could include assessment and collection of premia, administration of funds and
organization of payouts. Board members could comprise representatives from
the banking sector, ex officio members from the Government and other relevant

45.         The balance of opinions received seemed to support the DIS being
publicly administered. Government participation was believed to be necessary
to promote the credibility of the DIS. Concerns were also raised that a privately
run scheme might give rise to confidentiality issues and conflict of interest
amongst banks, particularly in respect of disclosure of information to the DIS
for determining insurance premia.

46.         Regarding whether the DIS should operate as a separate legal
entity or as a division of the HKMA, some respondents (including a political
party, small and medium sized banks, some District Councillors, a trade and
industry association and an academic) considered that it would be more efficient
for the HKMA to administer the DIS because there were synergies in resources

                                      - 20 -
management, premium assessment, fund investment and the taking of remedial
actions against troubled banks.

47.           On the other hand, other respondents (large banks, Consumer
Council, Commissioner of Insurance, another political party and some other
District Councillors) favoured a separate legal entity which would have its own
corporate governance, thus offering greater accountability and transparency to
the public.    This could also avoid any conflict of interest between bank
supervision and the administration of deposit insurance.

48.           Notwithstanding the above differences in views, there was a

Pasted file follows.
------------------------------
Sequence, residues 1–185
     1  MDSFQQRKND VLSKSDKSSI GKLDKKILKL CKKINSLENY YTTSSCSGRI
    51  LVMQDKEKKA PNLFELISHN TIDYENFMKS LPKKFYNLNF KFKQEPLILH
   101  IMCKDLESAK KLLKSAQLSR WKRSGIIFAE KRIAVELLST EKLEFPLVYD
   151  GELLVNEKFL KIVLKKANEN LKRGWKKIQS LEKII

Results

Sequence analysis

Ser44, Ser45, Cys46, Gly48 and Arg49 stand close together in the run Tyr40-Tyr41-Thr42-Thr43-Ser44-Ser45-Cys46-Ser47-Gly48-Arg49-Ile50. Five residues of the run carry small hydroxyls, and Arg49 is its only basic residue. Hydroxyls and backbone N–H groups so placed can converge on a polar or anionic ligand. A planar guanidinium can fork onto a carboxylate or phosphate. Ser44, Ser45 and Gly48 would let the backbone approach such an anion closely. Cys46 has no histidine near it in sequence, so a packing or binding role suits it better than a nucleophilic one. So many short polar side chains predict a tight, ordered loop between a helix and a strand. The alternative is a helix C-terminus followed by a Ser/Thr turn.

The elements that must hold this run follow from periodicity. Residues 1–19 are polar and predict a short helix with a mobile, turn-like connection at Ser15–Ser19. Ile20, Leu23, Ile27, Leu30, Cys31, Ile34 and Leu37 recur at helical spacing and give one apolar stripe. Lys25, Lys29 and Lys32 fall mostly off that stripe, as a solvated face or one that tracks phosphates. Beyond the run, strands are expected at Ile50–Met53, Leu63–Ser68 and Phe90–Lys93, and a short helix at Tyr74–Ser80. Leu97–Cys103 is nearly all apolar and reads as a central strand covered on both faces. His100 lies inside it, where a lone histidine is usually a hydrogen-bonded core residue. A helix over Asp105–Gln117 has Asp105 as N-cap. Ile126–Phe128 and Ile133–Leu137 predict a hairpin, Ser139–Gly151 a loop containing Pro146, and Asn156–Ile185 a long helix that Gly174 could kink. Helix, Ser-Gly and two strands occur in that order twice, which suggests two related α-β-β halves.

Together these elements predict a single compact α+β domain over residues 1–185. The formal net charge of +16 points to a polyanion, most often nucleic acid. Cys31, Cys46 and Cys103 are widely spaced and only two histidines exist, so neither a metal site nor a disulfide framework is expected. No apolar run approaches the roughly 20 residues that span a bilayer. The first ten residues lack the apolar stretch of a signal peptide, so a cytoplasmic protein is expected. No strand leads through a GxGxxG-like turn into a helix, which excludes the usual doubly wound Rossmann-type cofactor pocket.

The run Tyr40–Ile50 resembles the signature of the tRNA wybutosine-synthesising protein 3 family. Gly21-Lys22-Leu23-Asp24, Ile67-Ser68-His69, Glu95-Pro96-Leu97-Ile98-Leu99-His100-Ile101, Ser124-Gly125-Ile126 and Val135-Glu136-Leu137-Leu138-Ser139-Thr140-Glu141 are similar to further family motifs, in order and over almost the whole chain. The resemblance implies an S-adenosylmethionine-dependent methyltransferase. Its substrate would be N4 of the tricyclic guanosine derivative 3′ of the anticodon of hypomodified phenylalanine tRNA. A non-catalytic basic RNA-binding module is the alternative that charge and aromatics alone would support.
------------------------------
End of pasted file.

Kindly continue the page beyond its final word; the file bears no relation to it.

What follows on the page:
consensus among the respondents that the structure and administration of the
DIS should be kept simple and cost effective.

Basis of Coverage

49.           The Consultant proposed that DIS entitlement should be calculated
on a depositor basis rather than an account basis. This means that the balance in
all the depositor’s accounts with a bank would be aggregated in considering
whether the coverage cap is reached.            The Consultant also recommended
various methods to handle multi-beneficiary accounts such as joint accounts,
trusts etc.

50.           Only a few comments were received on this particular aspect of the
design of the DIS. For example:

      (a)     an academic suggested that the practice of establishing partnerships
              and nominee companies to obtain multiple coverage should be
              forbidden; and

                                       - 21 -
      (b)   a bank suggested excluding trusts and client accounts since they are
            held by more sophisticated individuals who are usually large

Currency of Covered Deposits

51.          The Consultant proposed that both HK$ and foreign currency
deposits should be covered since a significant portion of customer deposits are
held in foreign currencies.

52.          The majority of the respondents did not comment on this issue.
However, a foreign bank argued that deposit protection should not be extended
to depositors who were already willing to take up exchange rate risks.         A
political think tank which was opposed to a DIS also queried the need to include
foreign currency deposits and wondered if there would be a danger of
underwriting retail foreign exchange speculation. A consulting firm also raised
the issue of management of foreign exchange risks if foreign currency deposits
were to be covered.

Residency of Depositors

53.          The majority of respondents did not comment on the proposal that
there should be no restriction on residency of depositors. Only one respondent
expressed support for not having any restriction on residency of depositors.

                                      - 22 -

54.          The Consultant proposed that the debit balances to be netted off
against a depositor’s eligible claims should include overdrafts, arrears on
personal loans, currently due obligations under guarantees given by the
depositor, and contractually past due sums only.            Future obligations of
depositors should not be accelerated.